Burning ★★★★

77/100

No conflagration here, just embers that smolder in the brain for days. Unlike Lee's previous films—adored by others, too floridly melodramatic for my taste—Burning operates at a slightly disoriented remove, with multiple structuring absences juxtaposed against a single galling omnipresence. There's nothing terribly subtle about this approach, thematically speaking; even the calculated ambiguity gets undermined (a tad too much at one point, imo—thinking of the wristwatch), allowing those who'd prefer a conclusion to arrive at one. But shivery frissons abound in the filmmaking, which I'd argue represents a quantum leap for this director. Sometimes it's as mysteriously simple as Lee racking focus for no apparent reason, suddenly more interested in background foliage than in the foreground actor. Sometimes Mowg's spare yet urgent score seems to be performing slow trepanation on the protagonist as he searches for nonexistent clues. At its most blunt, Burning still keeps you enticingly off-balance. On paper, I might well have despised the final scene, which does something I tend to dislike (in an ending); as shot, one particular element on the soundtrack dominates, and I could scarcely breathe myself.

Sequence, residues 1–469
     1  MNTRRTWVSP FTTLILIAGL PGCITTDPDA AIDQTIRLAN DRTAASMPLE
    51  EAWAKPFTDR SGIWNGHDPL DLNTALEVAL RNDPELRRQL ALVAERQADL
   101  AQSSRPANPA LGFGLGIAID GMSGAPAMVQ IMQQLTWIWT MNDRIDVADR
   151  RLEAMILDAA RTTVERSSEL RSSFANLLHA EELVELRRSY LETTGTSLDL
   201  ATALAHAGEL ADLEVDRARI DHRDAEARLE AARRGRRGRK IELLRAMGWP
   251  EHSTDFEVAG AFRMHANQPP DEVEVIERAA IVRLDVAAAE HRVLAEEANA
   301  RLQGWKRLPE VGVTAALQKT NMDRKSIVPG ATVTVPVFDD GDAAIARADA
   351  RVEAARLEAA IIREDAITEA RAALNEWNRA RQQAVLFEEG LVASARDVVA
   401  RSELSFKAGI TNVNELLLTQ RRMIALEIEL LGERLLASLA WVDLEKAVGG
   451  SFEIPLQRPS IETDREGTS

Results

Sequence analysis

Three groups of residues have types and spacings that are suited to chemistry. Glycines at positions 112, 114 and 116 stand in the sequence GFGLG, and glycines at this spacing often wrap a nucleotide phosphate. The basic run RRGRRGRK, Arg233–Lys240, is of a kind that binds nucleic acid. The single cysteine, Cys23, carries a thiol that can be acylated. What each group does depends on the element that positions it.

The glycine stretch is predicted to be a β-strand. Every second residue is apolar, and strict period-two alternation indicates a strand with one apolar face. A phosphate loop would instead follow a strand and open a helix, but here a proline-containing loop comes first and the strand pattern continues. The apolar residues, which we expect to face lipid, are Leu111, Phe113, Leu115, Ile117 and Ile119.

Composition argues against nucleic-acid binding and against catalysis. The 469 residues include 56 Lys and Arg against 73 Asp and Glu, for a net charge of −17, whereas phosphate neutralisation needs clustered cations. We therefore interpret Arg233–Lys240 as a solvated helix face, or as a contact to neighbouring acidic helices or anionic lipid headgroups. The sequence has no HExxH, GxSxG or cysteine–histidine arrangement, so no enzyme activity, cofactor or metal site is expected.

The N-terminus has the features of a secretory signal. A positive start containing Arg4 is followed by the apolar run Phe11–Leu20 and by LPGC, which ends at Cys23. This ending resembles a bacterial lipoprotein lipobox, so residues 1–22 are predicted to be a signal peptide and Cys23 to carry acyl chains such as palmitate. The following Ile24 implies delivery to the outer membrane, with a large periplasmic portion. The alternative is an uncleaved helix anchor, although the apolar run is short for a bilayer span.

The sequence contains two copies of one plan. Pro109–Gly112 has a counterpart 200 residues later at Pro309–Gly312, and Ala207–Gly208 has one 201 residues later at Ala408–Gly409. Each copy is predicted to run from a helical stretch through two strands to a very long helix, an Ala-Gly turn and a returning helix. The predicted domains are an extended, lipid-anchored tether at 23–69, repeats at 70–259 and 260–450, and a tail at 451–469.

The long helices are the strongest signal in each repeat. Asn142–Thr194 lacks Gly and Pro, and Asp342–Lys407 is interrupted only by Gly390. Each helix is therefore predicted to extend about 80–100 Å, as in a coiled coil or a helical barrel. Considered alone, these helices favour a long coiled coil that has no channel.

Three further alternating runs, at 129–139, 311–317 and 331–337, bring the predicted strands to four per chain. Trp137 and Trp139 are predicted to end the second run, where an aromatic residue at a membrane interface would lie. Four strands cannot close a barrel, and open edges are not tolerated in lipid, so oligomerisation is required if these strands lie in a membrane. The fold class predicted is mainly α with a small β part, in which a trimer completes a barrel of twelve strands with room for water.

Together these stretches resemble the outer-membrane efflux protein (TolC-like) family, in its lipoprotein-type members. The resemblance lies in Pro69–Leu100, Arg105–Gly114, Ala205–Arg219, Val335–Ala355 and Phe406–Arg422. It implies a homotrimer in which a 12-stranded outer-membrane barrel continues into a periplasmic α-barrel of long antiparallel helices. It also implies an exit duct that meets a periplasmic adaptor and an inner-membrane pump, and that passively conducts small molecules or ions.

Second viewing may well bump this into best-of-the-decade consideration.